Robert Kapito has been a Trustee of the Trust since 2009. Mr. Kapito has served as a Director of iShares, Inc. since 2009, a Trustee of iShares U.S. ETF Trust since 2011 and a Director of BlackRock, Inc. since 2006. Mr. Kapito served as a Director of iShares MSCI Russia Capped ETF, Inc. from 2010 to 2015. In addition, he has over 20 years of experience as part of BlackRock, Inc. and BlackRock, Inc.’s predecessor entities. Mr. Kapito serves as President and Director of BlackRock, Inc., and is the Chairman of the Operating Committee, a member of the Office of the Chairman, the Leadership Committee and the Corporate Council. He is responsible for day-to-day oversight of BlackRock, Inc.'s key operating units, including the Account Management and Portfolio Management Groups, Real Estate Group and BlackRock Solutions®. Prior to assuming his current responsibilities in 2007, Mr. Kapito served as Head of BlackRock, Inc.'s Portfolio Management Group. In that role, he was responsible for overseeing all portfolio management within BlackRock, Inc., including the Fixed Income, Equity, Liquidity, and Alternative Investment Groups. Mr. Kapito serves as a member of the Board of Trustees of the University of Pennsylvania. He has also been President of the Board of Directors for the Hope & Heroes Children's Cancer Fund since 2002 and President of the Board of Directors for Periwinkle Theatre for Youth, a national non-profit arts-in-education organization, since 1983. Mr. Kapito earned a BS degree in economics from the Wharton School of the University of Pennsylvania in 1979, and an MBA degree from Harvard Business School in 1983.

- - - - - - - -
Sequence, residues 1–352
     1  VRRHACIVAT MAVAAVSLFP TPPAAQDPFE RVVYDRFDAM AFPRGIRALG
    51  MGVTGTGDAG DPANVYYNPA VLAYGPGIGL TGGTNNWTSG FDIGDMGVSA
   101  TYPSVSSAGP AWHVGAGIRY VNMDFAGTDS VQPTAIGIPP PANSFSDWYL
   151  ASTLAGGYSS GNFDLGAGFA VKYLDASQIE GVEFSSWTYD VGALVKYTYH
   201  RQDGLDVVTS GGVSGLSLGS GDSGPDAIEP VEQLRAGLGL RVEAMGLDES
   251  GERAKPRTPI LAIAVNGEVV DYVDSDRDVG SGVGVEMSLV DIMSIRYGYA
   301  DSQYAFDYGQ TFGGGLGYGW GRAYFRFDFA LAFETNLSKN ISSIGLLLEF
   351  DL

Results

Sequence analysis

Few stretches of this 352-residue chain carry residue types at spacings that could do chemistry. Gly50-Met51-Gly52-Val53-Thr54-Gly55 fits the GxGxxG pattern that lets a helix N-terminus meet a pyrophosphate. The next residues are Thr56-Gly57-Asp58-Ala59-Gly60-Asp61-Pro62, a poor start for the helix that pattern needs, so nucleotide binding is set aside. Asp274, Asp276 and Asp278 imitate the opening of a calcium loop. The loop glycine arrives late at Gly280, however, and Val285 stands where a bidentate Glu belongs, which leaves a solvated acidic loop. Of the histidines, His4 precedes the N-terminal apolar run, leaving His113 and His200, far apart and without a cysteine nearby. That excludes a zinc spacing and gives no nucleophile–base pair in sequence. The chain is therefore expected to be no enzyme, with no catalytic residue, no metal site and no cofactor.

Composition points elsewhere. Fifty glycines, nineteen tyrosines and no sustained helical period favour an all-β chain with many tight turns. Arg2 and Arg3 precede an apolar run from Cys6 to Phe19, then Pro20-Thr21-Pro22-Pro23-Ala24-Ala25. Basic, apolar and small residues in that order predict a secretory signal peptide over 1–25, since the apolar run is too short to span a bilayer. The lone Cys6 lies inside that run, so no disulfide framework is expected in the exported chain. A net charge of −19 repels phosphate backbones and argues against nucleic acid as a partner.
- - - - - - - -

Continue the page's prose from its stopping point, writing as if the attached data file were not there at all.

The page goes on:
Mark Wiedman has been a Trustee of the Trust since 2013. Mr. Wiedman has served as a Director of iShares, Inc. since 2013 and a Trustee of iShares U.S. ETF Trust since 2013. Mr. Wiedman served as a Director of iShares MSCI Russia Capped ETF, Inc. from 2013 to 2015. Mr. Wiedman is the Global Head and Managing Director of iShares. In addition, he is a member of BlackRock, Inc.'s Global Executive Committee and Global Operating Committee. Prior to assuming his current responsibilities in 2011, Mr. Wiedman was the head of Corporate Strategy for BlackRock, Inc. Mr. Wiedman joined BlackRock, Inc. in 2004 to help start the advisory business, which evolved into the Financial Markets Advisory Group in BlackRock Solutions. This group advises financial institutions and governments on managing their capital markets exposures and businesses. Prior to BlackRock, Inc., he served as senior advisor and chief of staff for the Under Secretary for Domestic Finance at the U.S. Department of the Treasury and also was a management consultant at McKinsey & Co., advising financial institutions in the United States, Europe, and Japan. He has taught as an adjunct associate professor of law at Fordham University in New York and Renmin University in Beijing. Mr. Wiedman serves on the board of PennyMac Financial Services, Inc., a publicly-traded
27

 


U.S. mortgage banking and investment management firm started in 2008, with BlackRock, Inc. as a sponsor. Mr. Wiedman earned an AB degree, Phi Beta Kappa, magna cum laude, in social studies from Harvard College in 1992 and a JD degree from Yale Law School in 1996.